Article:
MATERIALS AND METHODS

Beef boneless rounds and lamb tail fat were obtained from a local market. Egg white and egg yolk powders were obtained from AB foods (Istanbul Turkey).

Beef patty preparation

Meat and lamb tail fat pieces (~3 cm 3 in size) were mixed and standardized to 15% fat. This mixture was minced in a grinder (Cem, :stanbul, Turkey). 1.5% salt, 3% bread crumb, 1% red pepper, 1% black pepper, 1% cumin, 0.5% thyme, and 5% onion were added to the minced meat and minced an additional two times in a grinder. This formulation was mixed by manually and divided into 16 equal parts. Egg white, egg yolk, and sodium carbonate were added to each part as shown in Table 1. Each formulation was then kneaded for approximately 10 min to obtain uniform meatball dough. Then, each piece of dough was shaped manually into approximately 1.3 cm thick and 6 cm diameter circular-shaped beef patties. The beef patties were cooked on a preheated electric grill (Tefal Largon) for approximately 15 min at 180ºC and were flipped every 3 min.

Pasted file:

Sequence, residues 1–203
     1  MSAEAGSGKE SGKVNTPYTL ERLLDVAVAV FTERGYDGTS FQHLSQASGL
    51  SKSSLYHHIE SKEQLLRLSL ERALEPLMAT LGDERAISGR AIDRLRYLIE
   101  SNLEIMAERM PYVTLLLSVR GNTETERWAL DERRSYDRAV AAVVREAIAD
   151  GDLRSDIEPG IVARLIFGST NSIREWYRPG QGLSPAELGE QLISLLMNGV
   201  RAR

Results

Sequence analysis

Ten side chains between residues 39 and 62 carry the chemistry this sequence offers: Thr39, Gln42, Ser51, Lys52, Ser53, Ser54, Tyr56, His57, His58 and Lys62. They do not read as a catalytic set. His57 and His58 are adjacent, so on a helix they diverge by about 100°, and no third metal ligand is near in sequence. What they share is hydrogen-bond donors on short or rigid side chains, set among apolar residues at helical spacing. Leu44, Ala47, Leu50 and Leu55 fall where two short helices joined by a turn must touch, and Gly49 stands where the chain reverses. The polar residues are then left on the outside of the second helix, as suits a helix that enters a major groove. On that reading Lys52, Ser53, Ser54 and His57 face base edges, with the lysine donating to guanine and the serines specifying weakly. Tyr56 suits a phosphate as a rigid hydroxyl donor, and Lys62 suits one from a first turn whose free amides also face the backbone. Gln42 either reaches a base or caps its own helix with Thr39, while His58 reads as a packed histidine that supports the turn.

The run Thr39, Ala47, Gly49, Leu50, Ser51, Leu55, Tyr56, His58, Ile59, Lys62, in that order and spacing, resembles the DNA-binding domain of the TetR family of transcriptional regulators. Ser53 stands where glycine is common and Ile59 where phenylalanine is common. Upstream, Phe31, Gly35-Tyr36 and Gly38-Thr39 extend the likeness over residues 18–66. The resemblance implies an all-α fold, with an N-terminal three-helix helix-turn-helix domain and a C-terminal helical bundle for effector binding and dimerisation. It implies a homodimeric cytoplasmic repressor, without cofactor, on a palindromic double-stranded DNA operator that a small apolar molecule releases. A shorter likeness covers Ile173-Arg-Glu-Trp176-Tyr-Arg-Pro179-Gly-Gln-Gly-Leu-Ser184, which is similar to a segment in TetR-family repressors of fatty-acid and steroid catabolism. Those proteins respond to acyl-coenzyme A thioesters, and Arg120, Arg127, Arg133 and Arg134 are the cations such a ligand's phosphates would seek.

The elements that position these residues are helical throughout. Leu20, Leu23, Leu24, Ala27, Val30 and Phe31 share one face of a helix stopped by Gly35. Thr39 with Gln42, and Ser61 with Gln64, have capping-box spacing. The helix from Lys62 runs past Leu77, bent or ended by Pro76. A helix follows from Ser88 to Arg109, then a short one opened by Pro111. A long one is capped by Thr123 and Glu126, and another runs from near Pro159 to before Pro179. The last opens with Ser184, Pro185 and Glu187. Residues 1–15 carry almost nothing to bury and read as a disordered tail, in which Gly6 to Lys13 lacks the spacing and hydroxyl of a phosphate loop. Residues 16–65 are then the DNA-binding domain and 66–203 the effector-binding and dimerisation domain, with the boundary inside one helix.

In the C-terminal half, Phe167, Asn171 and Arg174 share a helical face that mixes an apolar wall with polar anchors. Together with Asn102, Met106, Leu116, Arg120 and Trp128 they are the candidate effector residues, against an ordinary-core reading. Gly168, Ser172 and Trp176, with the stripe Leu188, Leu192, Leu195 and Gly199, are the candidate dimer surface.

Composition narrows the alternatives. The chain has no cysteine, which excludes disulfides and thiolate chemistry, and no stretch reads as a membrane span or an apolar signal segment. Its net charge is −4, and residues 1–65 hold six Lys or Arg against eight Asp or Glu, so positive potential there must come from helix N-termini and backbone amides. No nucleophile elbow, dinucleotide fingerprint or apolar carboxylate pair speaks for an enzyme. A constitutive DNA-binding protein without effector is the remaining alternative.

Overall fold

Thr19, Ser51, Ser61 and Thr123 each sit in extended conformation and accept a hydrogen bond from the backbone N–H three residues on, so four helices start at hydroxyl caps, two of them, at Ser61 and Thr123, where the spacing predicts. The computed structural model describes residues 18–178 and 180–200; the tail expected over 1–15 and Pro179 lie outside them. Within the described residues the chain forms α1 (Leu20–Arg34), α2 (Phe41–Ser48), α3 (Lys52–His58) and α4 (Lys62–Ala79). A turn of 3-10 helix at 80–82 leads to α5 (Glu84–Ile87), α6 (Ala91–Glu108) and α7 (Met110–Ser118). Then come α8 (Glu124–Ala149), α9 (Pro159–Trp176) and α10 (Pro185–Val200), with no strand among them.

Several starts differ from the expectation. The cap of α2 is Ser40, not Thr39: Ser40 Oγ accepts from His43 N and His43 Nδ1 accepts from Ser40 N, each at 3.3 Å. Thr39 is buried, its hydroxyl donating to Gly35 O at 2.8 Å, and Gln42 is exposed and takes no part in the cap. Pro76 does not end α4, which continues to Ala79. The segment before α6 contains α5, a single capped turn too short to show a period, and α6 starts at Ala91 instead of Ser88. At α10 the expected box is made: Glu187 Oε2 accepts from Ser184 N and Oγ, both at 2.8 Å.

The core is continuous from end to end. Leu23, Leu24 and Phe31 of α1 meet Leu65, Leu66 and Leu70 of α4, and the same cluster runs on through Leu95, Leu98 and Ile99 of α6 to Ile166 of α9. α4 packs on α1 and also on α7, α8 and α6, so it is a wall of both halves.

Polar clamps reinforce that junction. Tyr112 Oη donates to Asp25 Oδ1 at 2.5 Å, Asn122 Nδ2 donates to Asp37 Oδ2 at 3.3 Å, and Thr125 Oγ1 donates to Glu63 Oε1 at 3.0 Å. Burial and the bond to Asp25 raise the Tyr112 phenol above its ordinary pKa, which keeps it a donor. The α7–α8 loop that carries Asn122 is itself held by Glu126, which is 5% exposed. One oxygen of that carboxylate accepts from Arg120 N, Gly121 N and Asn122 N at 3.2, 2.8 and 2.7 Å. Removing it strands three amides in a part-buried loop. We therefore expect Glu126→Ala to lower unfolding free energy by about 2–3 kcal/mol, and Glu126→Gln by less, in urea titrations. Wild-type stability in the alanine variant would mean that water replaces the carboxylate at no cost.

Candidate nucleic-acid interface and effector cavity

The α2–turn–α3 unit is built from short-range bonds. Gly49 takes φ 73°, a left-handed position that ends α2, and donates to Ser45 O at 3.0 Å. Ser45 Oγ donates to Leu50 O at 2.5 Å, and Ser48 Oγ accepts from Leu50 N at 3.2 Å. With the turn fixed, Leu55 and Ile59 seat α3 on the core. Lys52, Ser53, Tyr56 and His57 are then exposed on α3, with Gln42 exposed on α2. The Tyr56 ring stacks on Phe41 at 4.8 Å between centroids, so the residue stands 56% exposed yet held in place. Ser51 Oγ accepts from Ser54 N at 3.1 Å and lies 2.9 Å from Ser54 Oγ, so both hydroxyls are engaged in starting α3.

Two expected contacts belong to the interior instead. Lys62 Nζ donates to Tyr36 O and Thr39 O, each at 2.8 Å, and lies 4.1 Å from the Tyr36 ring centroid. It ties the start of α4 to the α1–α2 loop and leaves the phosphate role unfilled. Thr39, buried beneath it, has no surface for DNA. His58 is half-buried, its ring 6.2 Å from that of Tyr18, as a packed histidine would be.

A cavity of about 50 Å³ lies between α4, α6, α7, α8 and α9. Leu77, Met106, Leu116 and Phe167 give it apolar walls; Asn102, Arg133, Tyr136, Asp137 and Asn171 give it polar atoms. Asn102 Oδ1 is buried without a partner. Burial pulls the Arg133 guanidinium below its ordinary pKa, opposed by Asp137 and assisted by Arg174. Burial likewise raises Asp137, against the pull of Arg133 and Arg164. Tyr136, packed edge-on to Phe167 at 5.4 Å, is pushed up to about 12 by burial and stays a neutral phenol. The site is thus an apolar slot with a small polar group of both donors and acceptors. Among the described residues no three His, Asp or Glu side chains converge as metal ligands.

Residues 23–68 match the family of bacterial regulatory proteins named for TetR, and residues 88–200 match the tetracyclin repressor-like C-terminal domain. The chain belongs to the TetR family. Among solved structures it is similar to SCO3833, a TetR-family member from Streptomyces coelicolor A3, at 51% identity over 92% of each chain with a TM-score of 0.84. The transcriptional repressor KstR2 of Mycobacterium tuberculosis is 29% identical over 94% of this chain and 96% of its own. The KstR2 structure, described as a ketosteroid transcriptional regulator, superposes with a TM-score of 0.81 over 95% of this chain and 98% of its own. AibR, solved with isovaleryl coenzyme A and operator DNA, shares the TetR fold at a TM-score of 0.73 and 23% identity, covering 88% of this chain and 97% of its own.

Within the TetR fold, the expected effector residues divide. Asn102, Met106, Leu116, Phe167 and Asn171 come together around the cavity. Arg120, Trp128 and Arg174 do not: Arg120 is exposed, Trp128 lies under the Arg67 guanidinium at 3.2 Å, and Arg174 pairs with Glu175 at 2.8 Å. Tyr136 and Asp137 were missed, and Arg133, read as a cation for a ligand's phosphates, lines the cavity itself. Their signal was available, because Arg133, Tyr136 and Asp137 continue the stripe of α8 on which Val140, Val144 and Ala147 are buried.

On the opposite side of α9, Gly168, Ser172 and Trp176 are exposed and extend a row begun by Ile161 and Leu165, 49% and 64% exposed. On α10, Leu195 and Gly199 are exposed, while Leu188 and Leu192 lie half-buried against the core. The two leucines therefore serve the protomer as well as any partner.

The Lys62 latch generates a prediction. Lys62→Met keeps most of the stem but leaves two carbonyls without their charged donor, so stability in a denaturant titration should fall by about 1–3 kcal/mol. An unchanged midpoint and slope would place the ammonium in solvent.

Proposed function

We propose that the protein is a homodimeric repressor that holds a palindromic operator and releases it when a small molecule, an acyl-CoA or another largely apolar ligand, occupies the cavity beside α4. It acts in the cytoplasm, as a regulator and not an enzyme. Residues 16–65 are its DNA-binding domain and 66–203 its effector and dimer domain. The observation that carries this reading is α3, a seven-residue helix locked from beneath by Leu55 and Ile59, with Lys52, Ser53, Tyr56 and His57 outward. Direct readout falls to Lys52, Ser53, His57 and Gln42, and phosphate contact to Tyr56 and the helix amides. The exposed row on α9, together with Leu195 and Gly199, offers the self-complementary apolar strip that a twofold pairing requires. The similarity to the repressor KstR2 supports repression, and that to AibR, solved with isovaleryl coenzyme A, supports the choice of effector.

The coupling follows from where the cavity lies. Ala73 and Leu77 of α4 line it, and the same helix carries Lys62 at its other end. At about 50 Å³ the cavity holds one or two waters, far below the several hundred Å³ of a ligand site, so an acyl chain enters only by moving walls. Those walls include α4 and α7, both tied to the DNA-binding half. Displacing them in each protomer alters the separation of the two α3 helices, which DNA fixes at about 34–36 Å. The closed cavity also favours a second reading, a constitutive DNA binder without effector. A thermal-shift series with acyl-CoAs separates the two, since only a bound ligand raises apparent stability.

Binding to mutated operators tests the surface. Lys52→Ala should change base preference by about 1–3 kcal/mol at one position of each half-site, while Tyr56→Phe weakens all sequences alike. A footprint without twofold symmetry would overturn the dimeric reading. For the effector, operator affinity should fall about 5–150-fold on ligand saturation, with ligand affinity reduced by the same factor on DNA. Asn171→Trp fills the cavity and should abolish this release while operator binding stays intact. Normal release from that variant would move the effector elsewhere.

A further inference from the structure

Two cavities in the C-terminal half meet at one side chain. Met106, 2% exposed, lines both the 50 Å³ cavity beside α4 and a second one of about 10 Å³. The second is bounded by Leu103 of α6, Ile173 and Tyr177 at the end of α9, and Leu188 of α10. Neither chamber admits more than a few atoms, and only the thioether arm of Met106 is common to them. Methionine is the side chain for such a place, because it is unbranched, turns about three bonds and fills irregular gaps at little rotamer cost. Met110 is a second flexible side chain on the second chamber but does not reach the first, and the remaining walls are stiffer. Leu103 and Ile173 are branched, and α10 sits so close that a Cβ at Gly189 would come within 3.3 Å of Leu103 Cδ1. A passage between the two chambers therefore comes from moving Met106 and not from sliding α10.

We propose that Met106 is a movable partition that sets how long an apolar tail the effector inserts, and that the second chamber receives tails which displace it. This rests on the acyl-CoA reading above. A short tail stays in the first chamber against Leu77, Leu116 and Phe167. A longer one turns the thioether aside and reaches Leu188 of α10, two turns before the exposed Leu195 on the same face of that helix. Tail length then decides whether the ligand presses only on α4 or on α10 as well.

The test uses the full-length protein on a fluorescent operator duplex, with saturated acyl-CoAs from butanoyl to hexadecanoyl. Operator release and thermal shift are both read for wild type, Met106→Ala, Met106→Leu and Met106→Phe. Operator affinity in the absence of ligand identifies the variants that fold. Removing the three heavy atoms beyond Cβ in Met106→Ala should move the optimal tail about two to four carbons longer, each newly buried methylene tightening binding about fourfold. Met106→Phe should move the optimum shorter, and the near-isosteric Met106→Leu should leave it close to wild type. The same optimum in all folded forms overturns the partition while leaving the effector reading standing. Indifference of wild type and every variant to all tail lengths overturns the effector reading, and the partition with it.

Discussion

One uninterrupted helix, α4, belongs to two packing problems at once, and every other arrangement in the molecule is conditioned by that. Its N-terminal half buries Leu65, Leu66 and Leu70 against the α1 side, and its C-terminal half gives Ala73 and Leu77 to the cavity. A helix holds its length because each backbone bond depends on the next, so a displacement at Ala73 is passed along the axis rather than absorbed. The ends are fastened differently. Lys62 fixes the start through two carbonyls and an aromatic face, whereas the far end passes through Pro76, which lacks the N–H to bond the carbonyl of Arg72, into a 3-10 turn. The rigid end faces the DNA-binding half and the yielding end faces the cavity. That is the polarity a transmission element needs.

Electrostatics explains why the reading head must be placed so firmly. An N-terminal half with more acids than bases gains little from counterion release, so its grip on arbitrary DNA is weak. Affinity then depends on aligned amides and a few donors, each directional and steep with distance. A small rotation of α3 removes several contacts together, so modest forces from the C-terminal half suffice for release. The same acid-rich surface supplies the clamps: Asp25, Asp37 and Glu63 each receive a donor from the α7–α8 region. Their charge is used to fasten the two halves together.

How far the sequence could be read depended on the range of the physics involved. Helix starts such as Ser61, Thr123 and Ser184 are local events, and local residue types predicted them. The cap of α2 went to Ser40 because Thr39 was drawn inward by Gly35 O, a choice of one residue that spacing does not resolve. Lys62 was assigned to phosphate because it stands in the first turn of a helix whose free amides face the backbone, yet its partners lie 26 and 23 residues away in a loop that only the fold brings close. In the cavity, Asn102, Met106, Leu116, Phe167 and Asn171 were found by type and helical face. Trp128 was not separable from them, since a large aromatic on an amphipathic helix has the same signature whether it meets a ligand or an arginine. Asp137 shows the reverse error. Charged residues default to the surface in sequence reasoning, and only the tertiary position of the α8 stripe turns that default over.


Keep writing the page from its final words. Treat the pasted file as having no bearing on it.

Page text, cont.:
International Journal of Food Engineering, Vol. 7 [2011], Iss. 2, Art. 1

Table 1. Central composite design of three independent variables

Run

Sodium

Egg yolk

Egg white

order

carbonate (%)

powder (%)

powder (%)

1

0

0

0

2

0

0

1

3

0

1

0

4

0

1

1

5

1

0

0

6

1

0

1

7

1

1

0

8

1

1

1

9

0

0.5

0.5

10

1

0.5

0.5

11

0.5

0

0.5

12

0.5

1

0.5

13

0.5

0.5

0

14

0.5

0.5

1

15

0.5

0.5

0.5

16

0.5

0.5

0.5

Determination of pH

Ten grams of sample was homogenized in 100 ml distilled water and the pH was measured using a pH meter (Consort R735, Belgium) equipped with temperature probe as outlined by Ockerman (1985).